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WPF Activity in Xamarin Forms

I’ve recently been working on extending an existing product written in Xamarin Forms to Windows desktop and this has meant learning a lot more about the WPF implementation. Originally Xamarin Forms was created for mobile platforms such as Android and iOS (and Windows Phone – more on that later) but has since expanded to desktop platforms such as macOS, GTK and WPF on Windows (UWP originally straddled mobile and desktop). WPF is a more recent addition to Xamarin Forms and so understandably the implementation is less mature. It does follow the native look and feel closely but I soon found quite a jarring omission.

Our app uses the ActivityIndicator to represent indeterminate activity. On Android et al. this displays a rotating circular spinner but on WPF it was using an indeterminate progress bar squashed into a rectangular space which looked odd. This is understandable as there is no native control in WPF. I then had a flash of deja vu when thinking about something I wrote some time ago for Windows Phone!

Windows Phone 8.1 introduced the WinRT application model (from Windows 8) alongside the existing Silverlight approach but there were some complications and some types of apps could only be written in Silverlight. I created a library called Charming which added some of the Windows 8 style APIs to the Silverlight app model. This was later expanded and became Pontoon. One of the APIs was a Silverlight ProgressRing control which looked just like the Windows 8 equivalent. The progress ring still regularly appears in the Windows shell and is implemented in UWP. Since Silverlight is a subset of WPF it was straightforward to port it into the Xamarin Forms WPF platform library and modify the renderer for ActivityIndicator. Voila! A nice native looking ActivityIndicator for Windows desktop apps. This has now been merged into the Xamarin Forms code and should appear in a preview release soon alongside the MediaElement that also got merged recently. Until it hits a stable release you can add it via InTheHand.Forms too.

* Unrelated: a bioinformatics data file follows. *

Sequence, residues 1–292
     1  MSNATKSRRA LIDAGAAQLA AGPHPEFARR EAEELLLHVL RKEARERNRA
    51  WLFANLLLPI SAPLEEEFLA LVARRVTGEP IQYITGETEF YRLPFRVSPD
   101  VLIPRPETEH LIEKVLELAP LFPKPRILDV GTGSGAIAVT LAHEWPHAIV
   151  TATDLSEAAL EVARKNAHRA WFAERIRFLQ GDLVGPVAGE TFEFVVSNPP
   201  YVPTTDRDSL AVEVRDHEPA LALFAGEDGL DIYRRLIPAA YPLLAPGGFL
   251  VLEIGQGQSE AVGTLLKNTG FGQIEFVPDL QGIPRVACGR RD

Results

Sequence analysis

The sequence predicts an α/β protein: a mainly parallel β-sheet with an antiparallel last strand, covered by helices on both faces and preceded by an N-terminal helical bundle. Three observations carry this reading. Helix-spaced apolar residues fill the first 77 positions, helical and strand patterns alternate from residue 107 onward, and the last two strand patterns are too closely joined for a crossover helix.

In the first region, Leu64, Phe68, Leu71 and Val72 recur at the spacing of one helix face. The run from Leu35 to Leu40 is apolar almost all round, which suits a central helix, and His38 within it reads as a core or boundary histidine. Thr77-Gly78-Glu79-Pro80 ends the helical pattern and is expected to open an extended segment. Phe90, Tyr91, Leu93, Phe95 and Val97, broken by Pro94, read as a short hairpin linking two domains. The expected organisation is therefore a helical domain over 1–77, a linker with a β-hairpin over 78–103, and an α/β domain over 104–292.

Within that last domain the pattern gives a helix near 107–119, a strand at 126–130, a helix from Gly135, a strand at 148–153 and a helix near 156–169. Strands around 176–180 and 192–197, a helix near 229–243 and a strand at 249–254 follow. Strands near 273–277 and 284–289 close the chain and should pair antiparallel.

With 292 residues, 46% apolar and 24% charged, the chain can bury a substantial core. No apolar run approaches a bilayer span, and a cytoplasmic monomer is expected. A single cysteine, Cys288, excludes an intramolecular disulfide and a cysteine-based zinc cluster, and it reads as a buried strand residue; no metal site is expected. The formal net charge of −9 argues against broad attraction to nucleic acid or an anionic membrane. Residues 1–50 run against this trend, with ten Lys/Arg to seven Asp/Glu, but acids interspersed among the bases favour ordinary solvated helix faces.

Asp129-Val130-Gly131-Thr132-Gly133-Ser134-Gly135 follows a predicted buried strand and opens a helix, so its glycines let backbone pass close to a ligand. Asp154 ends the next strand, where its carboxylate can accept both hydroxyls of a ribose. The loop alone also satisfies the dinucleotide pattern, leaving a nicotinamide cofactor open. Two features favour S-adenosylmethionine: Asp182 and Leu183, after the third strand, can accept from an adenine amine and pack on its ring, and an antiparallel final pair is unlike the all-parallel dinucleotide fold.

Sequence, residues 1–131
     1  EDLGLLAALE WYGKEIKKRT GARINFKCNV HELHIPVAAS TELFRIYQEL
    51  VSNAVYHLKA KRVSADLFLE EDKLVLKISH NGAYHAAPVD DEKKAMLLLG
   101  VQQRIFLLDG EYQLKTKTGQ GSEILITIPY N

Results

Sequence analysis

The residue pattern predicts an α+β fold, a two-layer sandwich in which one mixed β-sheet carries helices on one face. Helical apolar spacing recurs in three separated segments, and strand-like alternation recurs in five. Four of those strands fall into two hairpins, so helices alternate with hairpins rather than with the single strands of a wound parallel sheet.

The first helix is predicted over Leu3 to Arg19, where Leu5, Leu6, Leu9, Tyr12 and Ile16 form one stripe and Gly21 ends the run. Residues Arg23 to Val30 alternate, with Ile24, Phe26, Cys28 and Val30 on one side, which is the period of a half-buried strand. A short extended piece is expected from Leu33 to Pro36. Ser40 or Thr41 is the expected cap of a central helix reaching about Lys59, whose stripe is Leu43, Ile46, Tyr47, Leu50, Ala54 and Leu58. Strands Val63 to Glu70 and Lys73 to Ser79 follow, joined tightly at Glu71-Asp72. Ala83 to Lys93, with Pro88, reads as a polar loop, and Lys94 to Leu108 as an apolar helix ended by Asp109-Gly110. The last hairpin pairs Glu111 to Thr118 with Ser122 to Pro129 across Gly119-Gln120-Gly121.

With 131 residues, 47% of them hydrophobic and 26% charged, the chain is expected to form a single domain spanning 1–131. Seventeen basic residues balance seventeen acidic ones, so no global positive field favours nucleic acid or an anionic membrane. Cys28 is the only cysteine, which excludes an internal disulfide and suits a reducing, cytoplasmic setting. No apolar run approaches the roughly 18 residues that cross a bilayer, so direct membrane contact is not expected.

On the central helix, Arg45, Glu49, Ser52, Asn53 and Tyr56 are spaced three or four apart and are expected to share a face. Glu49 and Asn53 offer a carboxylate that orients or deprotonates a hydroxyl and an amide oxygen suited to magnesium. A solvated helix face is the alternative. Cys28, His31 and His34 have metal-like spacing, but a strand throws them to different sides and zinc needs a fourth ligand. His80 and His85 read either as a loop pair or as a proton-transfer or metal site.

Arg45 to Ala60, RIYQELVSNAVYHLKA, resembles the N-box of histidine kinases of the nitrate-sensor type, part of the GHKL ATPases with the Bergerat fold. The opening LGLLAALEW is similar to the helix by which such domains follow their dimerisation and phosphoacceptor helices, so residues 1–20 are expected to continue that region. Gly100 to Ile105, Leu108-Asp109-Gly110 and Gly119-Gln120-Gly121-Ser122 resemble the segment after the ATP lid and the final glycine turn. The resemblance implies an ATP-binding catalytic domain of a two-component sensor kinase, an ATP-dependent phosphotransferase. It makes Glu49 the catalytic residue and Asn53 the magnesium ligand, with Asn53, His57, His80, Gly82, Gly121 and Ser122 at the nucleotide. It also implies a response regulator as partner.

By Peter Freeman Foot

Microsoft Windows Development MVP

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